This is part one of a three-part series exploring the environmental lifecycle analysis completed by Divergent. It will get into some technical detail, but is intended for anyone who has an interest in total system environmental and health damages for manufacturing.
Before reading this section, please read our lifecycle analysis overview, which sets the context for the discussion here.
My name is Nick Hofmeister. I have a computer science degree from Northwestern and an MBA from MIT. I’ve worked in fairly diverse industries, starting at Microsoft, followed by Bain & Co., an algae biofuels company, and three biotech/software startups I’ve founded. Over the years, my teams and I have raised about $260 million for early stage companies. I started making environmental analyses about 7 years ago to demonstrate the lifecycle value of a fuel made directly from a photosynthetic plant.
Around 2 billion cars have been built over the last 115 years; twice that number will be built over the next 35-40 years (Emmott, Stephen, Ten Billion, p. 95, New York, New York: Random House, Second Edition, 2014). The environmental and health impacts will be enormous. The automotive industry has $9 trillion a year in revenue and employs 11 million people. And that doesn’t include oil & gas, a $4 trillion industry employing another 1.3 million people. These giants greatly affect the world’s material flows and all the consequences thereof. Unfortunately, very little has changed in the manufacture and use of vehicles in the last 100 years – our cars are getting bigger, heavier, and often less efficient at using energy. At Divergent, we intend to change this trajectory.
There are many types of environmental analyses, and they vary in both scope and kind. For this discussion, we are focused on environmental lifecycle analyses. Lifecycle analysis follows the path of an object through a system for its full lifetime, looking at its environmental impact at each stage of life. Lifecycle analyses can be performed on cars, toasters, a strawberry, or even a human being.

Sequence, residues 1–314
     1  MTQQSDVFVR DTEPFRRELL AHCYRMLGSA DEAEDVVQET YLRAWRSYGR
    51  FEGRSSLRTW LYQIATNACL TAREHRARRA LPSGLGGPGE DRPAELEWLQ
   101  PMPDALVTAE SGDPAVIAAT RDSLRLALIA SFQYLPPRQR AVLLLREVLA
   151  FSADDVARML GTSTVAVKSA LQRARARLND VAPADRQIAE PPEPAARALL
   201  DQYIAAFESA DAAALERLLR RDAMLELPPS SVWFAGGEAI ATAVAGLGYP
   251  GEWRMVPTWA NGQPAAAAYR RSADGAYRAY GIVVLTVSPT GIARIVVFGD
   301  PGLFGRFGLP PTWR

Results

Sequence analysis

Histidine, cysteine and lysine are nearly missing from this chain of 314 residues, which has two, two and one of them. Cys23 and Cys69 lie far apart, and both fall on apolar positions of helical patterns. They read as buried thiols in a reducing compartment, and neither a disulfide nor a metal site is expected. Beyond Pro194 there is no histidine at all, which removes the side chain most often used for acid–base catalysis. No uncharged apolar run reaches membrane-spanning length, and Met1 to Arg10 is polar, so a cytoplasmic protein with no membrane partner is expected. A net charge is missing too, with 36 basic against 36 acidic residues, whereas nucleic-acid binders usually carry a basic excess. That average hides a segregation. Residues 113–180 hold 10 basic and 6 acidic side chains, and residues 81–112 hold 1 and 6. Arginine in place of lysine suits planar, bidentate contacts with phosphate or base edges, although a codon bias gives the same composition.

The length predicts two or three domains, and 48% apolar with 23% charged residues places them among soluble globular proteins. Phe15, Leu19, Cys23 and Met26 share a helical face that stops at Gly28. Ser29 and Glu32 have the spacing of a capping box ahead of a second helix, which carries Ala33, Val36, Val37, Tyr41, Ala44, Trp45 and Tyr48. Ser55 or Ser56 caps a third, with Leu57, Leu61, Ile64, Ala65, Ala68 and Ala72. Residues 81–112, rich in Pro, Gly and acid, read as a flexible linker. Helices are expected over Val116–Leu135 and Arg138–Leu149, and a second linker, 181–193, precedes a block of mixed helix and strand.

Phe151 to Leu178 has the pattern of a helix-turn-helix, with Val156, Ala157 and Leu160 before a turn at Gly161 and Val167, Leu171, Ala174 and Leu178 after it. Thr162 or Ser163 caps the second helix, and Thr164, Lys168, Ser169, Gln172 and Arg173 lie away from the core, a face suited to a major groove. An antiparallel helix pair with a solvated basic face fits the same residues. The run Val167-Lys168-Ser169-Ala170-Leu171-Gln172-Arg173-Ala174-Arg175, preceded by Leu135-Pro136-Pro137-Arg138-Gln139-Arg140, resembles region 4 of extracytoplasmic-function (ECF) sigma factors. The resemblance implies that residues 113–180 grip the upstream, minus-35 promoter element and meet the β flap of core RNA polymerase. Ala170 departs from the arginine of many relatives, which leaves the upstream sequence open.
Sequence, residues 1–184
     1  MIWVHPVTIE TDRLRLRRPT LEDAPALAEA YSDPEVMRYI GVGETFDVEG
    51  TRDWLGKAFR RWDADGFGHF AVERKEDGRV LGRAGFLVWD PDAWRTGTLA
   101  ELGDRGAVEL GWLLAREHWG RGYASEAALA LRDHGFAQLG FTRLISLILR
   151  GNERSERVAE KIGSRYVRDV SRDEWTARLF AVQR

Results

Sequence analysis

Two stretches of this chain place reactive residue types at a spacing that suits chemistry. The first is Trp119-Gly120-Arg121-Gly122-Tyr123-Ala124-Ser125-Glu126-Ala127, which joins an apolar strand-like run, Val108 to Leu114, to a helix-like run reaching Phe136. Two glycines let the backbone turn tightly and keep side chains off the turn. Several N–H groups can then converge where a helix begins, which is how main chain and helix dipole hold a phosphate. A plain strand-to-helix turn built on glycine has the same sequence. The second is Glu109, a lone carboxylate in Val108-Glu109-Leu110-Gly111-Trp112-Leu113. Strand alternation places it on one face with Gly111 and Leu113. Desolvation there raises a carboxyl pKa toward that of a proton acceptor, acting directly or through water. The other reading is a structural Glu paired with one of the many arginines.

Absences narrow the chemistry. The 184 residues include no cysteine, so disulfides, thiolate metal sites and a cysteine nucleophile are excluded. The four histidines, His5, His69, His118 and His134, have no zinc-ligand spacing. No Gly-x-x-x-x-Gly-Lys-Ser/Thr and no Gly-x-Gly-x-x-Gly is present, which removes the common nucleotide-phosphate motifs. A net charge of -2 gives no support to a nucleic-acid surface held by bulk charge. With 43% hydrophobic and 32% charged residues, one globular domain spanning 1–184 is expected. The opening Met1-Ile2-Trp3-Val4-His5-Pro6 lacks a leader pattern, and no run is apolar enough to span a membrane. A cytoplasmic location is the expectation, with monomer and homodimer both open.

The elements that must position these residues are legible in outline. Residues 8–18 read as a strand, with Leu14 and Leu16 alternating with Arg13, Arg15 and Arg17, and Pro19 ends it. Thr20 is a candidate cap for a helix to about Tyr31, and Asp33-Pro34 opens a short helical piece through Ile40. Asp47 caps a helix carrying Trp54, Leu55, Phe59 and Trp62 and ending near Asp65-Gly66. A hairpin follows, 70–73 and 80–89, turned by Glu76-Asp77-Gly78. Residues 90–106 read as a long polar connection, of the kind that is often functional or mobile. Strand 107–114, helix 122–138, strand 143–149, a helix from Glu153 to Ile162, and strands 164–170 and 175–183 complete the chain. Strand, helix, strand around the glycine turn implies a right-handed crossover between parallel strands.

The exact scope of a lifecycle analysis is one of the trickiest questions: which parts of the life cycle do you include, and which not? For the strawberry, do you include the cost of making its fertilizer, the cost of its transportation to the grocery store, the cost of its disposal (e.g., the green tops, the rotten berries), and the cost of its packaging? The total cost of environmental and health system damages varies widely depending on the scope.
In vehicles, thankfully, the Argonne National Lab has set the gold standard through a model called GREET (Greenhouse Gases, Regulated Emissions, and Energy Use in Transportation Model). The first use of GREET was in 1995, and it has been peer- and industry-reviewed very thoroughly in the intervening 20 years. The scope of this model is quite wide – it looks at both vehicle operation and manufacture (vehicle cycle) and fuel manufacture and use (fuel cycle). It is also quite deep, capturing emissions down to the extraction and manufacture of materials (e.g., aluminum, lithium), as described in the image below: